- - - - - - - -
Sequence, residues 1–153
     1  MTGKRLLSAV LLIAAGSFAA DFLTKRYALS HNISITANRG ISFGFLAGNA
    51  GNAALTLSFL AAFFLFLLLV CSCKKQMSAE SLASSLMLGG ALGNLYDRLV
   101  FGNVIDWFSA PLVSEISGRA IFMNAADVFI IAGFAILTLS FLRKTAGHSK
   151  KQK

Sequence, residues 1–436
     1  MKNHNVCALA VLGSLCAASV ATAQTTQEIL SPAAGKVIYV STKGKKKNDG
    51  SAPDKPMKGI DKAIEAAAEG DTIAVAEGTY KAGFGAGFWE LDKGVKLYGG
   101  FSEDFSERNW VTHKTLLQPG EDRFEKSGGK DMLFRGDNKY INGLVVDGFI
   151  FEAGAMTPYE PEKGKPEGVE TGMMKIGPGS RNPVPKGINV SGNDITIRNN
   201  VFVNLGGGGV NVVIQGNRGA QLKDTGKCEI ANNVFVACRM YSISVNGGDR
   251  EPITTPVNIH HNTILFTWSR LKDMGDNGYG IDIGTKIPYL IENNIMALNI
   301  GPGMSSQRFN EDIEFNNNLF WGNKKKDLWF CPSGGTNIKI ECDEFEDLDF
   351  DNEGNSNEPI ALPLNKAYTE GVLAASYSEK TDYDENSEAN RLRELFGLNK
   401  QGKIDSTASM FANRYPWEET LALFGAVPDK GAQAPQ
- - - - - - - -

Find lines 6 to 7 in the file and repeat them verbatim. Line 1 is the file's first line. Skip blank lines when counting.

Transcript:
Sequence, residues 1–436
     1  MKNHNVCALA VLGSLCAASV ATAQTTQEIL SPAAGKVIYV STKGKKKNDG